Andi Toma ~ Damn Luei Lit

The Infinite Greyscale label is back!  Or more properly, the musical wing is back, as co-owners Paul McDevitt & Cornelius Quabeck have been focusing on art and books over the past two years.  Damn Luei Lit resurrects the screenprinted 10″, which is a beautiful alternative to the now-ubiquitous vinyl splatter.  This treatment is again awarded to a special release, a constantly developing tribal workout from Andi Toma.  At thirteen minutes (sixteen in the digital download version), the track is short enough to command the attention, but long enough to put one into a percussive trance.

We’re consistently amazed at the differences musicians display when solo.  Watching this video of Mouse On Mars performing last year’s Dimensional People with mixed ensemble, one realizes that the duo is incredibly diverse, incorporating jazz, funk, opera and modern composition in a compact performance.  Jan St. Werner’s Fiepblatter Catalogue #6 Series is an exercise in feedback and drone, while Andi Toma’s new release concentrates on rhythm.  We suspect that each time the duo reunites to record a new set, each arrives with fresh ideas.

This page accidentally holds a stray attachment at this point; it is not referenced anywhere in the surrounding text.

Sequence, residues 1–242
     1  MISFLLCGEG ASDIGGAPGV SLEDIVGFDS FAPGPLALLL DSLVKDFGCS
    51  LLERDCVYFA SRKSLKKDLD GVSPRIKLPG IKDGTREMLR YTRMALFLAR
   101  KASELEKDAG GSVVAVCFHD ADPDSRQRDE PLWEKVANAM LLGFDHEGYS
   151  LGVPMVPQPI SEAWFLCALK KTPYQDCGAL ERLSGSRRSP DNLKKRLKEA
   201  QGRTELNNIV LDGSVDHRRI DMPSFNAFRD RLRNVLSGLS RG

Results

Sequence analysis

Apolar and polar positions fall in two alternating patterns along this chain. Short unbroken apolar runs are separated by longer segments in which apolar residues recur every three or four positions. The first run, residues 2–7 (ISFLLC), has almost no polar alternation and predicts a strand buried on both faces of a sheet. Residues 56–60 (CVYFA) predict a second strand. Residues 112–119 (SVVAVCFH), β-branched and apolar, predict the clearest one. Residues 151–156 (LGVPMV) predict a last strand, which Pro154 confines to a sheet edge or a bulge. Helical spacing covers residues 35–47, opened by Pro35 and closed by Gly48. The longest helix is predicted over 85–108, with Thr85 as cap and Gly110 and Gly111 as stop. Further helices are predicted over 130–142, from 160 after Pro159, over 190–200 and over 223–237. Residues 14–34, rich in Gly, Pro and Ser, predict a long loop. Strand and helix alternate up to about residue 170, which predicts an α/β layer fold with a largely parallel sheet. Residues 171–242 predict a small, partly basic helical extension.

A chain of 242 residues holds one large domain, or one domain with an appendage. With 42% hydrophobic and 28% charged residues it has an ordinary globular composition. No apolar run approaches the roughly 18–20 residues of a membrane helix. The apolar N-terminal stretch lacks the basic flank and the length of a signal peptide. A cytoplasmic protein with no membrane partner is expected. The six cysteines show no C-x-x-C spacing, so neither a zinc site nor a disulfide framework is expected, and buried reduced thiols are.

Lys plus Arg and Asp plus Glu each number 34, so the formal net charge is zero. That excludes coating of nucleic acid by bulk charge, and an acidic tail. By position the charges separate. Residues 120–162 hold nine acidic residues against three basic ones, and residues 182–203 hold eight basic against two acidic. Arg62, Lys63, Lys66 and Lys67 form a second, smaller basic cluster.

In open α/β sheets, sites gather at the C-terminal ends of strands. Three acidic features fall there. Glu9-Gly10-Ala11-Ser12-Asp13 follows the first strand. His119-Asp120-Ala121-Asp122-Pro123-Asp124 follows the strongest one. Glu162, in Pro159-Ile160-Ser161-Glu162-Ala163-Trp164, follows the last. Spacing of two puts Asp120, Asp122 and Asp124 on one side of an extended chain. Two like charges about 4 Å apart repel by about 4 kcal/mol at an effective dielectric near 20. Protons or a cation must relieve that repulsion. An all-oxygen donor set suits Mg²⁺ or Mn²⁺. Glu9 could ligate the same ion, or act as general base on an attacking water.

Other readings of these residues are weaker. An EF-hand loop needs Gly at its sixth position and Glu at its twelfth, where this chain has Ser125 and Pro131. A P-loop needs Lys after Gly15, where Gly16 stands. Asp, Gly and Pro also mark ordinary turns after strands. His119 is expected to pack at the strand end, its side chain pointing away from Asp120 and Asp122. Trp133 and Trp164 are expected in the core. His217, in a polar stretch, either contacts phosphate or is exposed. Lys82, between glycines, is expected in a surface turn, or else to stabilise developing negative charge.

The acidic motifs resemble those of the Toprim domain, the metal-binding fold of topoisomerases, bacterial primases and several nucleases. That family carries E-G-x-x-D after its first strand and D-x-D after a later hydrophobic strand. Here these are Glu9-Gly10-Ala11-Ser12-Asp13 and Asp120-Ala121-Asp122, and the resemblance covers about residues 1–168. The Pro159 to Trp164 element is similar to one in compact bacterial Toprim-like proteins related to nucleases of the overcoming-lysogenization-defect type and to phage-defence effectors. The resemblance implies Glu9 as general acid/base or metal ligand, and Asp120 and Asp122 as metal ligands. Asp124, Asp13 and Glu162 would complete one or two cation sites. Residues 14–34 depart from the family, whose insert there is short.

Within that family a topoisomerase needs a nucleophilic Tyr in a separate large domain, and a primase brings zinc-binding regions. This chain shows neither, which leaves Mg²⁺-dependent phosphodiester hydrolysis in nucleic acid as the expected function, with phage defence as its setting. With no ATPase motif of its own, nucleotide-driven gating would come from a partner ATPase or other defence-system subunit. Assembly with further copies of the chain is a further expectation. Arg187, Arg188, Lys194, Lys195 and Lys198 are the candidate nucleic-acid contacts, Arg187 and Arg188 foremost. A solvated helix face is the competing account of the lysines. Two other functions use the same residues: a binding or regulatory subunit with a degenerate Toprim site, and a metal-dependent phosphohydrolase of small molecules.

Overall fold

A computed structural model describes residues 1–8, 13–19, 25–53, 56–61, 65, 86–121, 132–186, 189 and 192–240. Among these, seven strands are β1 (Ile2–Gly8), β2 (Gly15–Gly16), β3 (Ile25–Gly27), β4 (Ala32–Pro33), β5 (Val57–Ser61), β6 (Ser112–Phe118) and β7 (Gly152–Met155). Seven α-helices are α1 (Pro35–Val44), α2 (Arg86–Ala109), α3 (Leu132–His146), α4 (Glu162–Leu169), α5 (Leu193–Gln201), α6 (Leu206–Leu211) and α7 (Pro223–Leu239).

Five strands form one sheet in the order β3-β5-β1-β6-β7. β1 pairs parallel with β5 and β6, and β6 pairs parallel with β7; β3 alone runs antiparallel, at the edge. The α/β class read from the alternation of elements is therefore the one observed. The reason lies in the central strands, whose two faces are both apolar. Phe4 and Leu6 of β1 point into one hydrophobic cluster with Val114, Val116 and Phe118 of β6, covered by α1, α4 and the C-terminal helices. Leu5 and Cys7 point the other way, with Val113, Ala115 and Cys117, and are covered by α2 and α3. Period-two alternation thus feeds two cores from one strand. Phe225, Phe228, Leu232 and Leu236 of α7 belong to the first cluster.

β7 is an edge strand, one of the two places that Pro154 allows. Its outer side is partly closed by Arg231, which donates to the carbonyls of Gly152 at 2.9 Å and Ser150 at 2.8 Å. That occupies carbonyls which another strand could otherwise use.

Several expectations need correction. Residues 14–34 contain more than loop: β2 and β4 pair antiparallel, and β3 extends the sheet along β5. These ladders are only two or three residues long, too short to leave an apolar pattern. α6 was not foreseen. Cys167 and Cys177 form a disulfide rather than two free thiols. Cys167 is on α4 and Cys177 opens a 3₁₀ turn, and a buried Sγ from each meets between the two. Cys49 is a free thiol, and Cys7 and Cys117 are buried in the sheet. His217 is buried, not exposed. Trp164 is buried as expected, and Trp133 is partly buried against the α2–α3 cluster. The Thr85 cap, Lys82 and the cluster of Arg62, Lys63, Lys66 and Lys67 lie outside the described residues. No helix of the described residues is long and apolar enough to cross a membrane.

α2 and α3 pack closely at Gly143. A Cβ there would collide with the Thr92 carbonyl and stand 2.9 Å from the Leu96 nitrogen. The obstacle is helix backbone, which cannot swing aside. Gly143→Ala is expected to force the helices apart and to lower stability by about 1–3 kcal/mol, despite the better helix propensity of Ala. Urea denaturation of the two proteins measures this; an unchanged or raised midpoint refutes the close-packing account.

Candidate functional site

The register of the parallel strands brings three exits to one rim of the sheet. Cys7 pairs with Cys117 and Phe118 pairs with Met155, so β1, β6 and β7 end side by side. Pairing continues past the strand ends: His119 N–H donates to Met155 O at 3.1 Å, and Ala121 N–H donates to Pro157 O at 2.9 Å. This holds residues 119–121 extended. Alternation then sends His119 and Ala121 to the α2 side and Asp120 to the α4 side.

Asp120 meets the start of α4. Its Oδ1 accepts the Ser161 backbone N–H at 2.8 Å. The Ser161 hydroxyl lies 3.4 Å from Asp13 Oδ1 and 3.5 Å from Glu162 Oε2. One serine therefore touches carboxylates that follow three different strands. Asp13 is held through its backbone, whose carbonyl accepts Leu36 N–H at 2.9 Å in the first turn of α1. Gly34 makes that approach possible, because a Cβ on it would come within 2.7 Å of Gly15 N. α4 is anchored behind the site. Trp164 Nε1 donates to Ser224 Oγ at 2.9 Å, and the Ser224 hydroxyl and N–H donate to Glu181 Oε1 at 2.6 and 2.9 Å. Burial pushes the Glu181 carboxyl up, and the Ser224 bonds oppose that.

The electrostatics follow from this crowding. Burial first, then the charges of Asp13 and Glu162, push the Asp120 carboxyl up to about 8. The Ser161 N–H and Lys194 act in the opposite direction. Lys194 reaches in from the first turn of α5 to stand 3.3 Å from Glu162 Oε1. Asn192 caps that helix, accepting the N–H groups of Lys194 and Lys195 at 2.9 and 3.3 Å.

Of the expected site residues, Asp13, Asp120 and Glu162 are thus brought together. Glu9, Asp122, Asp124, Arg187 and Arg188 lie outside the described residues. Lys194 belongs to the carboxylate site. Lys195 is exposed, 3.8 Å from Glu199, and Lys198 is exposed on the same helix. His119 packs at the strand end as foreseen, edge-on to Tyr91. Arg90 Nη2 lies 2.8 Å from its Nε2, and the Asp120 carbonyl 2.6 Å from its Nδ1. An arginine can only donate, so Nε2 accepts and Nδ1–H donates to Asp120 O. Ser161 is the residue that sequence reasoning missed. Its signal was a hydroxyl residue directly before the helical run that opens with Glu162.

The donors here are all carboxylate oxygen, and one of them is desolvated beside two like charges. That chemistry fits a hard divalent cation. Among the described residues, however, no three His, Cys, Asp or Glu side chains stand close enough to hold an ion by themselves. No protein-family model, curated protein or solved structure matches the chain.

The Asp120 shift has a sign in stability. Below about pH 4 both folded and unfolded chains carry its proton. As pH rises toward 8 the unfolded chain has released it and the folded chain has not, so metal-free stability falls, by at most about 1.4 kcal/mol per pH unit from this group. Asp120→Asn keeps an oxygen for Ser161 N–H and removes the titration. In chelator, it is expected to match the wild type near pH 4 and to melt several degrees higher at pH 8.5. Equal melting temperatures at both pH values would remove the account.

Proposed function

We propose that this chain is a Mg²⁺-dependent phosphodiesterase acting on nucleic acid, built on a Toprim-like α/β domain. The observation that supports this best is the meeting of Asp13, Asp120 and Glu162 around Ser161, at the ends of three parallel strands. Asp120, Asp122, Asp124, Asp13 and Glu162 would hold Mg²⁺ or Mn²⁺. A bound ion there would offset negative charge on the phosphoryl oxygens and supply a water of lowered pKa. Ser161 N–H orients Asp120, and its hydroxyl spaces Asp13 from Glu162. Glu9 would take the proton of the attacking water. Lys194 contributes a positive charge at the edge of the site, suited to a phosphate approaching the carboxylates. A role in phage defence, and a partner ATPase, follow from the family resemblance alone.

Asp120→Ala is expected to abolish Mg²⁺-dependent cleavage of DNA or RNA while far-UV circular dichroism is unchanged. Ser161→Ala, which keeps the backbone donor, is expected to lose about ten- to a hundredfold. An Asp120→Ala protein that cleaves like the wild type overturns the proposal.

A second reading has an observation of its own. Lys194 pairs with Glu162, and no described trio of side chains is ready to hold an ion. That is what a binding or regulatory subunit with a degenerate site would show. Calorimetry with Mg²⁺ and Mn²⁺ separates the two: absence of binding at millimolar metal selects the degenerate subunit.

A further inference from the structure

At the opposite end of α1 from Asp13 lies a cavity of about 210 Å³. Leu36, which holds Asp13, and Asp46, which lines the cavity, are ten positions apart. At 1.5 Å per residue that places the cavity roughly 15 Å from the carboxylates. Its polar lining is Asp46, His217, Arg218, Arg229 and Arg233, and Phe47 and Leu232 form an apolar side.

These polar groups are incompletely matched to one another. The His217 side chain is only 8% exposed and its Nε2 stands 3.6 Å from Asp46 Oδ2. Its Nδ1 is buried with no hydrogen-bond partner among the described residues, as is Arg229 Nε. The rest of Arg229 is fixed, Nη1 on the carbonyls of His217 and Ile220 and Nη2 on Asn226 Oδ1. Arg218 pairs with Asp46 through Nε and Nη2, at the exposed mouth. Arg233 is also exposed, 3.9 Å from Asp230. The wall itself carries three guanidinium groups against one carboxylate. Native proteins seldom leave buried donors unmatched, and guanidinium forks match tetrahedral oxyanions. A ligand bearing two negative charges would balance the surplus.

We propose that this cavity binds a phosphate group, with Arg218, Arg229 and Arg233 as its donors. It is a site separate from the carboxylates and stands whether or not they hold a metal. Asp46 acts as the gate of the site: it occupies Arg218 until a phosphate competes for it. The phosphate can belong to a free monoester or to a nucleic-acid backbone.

This being said, the birdsong that launches Damn Luei Lit is a pleasant surprise, a pastoral introduction that guarantees a huge dynamic range will be traversed by the time the needle reaches the biscuit.  A short warmup introduces taps, puffs and plucks.  We hear instruments that sound like cowbell, wood block, rainstick and flute.  Electronics tick and vibrate like cartoon characters hit with hammers.  By the time the percussion launches in earnest, Toma has already impressed with timbre; it’s as if he asked the Dimensional People band to leave their instruments behind, then enjoyed an extensive jam session and recorded the results.  Multiple layers provide the impression of a far larger ensemble.

Soon the trance begins.  Instruments cry out like indigenous people around a fire.  Concentrate on the drums to encounter the human element: cymbals smacked, chimes pounded, mallets extended.  Focus on the electronics to encounter the otherworldly element: a synth solo, a coo like the cry of a mourning dove.  Or just surrender to the dance.  The speaker-to-speaker separation allows an incredible depth of field; it’s easy to close one’s eyes and remember past lives.  Damn Luei Lit may as well be a luau; strike up the fire pit and watch the sparks rise.  (Richard Allen)

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